This conviction in the power of dialog has influenced my work on issues related to violence and peacebuilding for more than 35 years. In the 1970s, I studied the group dynamics of peacemaking for my doctoral research. My 1988 book, Peacemaking: A Systems Approach to Conflict Management described the technology, psychology, theory and application of peacebuilding. In 1994, I designed a citywide Summit on Violence for Cleveland, Ohio where 1,000 residents worked together on action plans for twenty topics – from drugs and guns to gangs and the role of police in local neighborhoods. From 2005 through 2014, I worked on strategic plans to transform juvenile services for the City of Washington D.C. and then to transform probation services for New York City. This cemented in place my understanding of community peacebuilding and restorative justice. I learned to distinguish between the activities of peacebuilding (ceasefires, truce negotiations and community service) and the psychology of peacemaking (the internal dynamics of new insights and a change of heart).



And now of course my Presidential platform is Transform Government and Build Peace. My belief in the power of dialog is unshakeable and grounded in a respectful understanding of real world tensions and challenges. I know beyond any doubt that peacebuilders are working at every level and in every domain in every conflict zone around the world. This is often called multi-track diplomacy and as President I will bring to the forefront this worldwide network of peacebuilders.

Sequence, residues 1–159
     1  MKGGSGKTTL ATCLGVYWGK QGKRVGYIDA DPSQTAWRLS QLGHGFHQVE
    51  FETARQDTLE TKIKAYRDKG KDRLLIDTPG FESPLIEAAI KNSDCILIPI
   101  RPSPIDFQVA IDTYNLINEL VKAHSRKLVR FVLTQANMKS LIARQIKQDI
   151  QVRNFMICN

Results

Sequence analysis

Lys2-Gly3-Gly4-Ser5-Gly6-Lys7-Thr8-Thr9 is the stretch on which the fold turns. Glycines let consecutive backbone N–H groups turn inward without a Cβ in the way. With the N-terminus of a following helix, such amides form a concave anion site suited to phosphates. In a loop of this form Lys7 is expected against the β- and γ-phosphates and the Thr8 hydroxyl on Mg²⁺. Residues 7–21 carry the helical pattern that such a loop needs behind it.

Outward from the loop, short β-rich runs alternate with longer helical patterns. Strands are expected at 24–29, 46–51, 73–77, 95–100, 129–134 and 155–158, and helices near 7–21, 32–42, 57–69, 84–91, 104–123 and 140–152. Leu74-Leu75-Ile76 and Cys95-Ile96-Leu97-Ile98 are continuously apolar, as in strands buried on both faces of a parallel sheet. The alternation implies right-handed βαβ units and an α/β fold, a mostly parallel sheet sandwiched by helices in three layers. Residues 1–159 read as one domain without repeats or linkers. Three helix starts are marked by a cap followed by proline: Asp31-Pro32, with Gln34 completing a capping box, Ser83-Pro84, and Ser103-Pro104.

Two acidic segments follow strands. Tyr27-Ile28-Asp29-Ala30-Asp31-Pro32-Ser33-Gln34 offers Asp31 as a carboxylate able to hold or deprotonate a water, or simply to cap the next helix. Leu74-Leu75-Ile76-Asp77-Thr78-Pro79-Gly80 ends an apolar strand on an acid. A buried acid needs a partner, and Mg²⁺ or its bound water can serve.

3.    Building peace does not mean being stupid. No one can sweet-talk a bully; no one can negotiate with psychopaths and sociopaths that use beheadings, crucifixions, rape and enslavement as tactics of war. They have crossed a dark line; they are lost to us forever; they are not part of any peace talks; they must be confronted and defeated.



4.    American foreign policy must be based on systems thinking and true partnerships. Systems thinking means foreign policy composed of strategies from many different points of view. For many decades, oil and defense companies, arms dealers and big money have held American foreign policy hostage. Political advisers who see the world as empires to be conquered have done great damage. The new path forward is foreign policy developed by integrating many different sets of knowledge including:



·      Military strategies carefully considered and always informed by experts in culture and history.


·      Diplomatic engagement as the ultimate goal of foreign policy with attention to the unseen peacebuilding that occurs at all levels of every community.


·      Intelligence and communication strategies to counter the appeal of ISIS and radical violence that address how corruption, failed government and broken educational systems fuel violent extremism.